Please note, with the Passwords you set above, do NOT start them with *’s, for the server will do that for you. Do not set your Password:SysopPassword to *sysoppw, but instead set it to sysoppw. Only when you are logging into a zone, or are already in the zone, will you add the starting *.
In the [Billing] section, set a random value into the Billing:Password, but also write this value down. You will never have to use this value from inside SubSpace, but only in your server.ini files or subbill.ini files, so feel free to set it to some weird random value.
The Billing:ServerName value should be set to what you want your zone to be named. If you want it to be named My Cool Zone, set the Billing:ServerName to that value. Do not falsely put certain zone servers signatures on your zone, such as SSCU My Cool Zone or T3 My Cool Zone, because then those zone hosting servers will be mad at you, and for good reasons. If you wish to put your own zone signature on your zone name, such as I myself use MGB> in front, feel free to.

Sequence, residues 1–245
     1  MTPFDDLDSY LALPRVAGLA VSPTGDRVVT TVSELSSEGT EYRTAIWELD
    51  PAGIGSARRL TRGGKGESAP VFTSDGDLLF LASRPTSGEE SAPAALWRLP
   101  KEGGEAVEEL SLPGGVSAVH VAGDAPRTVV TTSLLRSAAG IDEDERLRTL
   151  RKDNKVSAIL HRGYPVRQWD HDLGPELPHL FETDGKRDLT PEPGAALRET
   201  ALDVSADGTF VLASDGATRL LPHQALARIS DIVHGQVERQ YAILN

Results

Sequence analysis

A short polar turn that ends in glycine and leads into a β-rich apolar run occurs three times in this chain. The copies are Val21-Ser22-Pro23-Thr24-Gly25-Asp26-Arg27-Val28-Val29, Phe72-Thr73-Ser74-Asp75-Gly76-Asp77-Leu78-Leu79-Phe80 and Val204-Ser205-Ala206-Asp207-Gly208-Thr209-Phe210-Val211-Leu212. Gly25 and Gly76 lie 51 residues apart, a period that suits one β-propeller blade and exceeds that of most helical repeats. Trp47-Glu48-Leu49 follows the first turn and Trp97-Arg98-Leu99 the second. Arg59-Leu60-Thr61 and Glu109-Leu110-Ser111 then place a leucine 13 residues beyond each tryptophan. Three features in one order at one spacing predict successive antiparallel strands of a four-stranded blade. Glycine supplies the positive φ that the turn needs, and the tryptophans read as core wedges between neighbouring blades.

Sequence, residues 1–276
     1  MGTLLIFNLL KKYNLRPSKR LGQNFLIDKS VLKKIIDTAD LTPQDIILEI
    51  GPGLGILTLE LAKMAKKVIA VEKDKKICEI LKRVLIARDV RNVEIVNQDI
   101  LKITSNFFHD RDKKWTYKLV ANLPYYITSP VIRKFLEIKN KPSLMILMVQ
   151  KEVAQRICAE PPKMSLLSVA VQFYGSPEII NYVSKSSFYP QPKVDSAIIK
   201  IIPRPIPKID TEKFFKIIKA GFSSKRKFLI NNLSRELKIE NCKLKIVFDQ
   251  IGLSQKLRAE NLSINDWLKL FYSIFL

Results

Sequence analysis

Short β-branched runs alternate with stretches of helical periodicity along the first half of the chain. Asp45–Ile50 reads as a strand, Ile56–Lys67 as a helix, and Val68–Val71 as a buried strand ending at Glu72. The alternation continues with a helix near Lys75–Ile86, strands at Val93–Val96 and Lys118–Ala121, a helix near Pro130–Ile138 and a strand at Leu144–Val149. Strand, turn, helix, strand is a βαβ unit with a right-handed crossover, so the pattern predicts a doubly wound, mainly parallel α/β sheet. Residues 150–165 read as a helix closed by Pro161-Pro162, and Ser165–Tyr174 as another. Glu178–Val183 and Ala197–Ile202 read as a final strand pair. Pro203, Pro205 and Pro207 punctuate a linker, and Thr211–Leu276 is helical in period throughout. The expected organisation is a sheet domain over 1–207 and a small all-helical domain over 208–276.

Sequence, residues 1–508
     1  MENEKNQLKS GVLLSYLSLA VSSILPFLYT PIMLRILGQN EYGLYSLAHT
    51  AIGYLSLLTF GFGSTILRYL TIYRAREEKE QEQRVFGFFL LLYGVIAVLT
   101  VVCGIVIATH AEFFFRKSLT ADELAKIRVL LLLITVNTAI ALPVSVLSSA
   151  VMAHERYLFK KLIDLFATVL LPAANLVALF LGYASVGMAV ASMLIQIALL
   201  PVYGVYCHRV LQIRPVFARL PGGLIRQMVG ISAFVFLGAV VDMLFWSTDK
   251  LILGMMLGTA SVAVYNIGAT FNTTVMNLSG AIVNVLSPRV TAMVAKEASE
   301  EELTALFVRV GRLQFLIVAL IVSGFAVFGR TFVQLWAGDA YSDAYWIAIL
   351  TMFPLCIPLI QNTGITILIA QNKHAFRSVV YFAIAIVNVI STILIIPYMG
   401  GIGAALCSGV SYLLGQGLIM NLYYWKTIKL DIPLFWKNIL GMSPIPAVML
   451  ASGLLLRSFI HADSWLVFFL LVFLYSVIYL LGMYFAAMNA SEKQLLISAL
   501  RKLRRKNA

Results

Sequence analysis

The Billing:ServerId is used by the billing server to determine a number for your zone when saving stats for it. A suggestion I recommend is setting this value to the same on you used for your Misc:Port. The Billing:ScoreId is used by the billing server for which scores it will be stored under, and another good suggestion is to use the Misc:Port for this value also.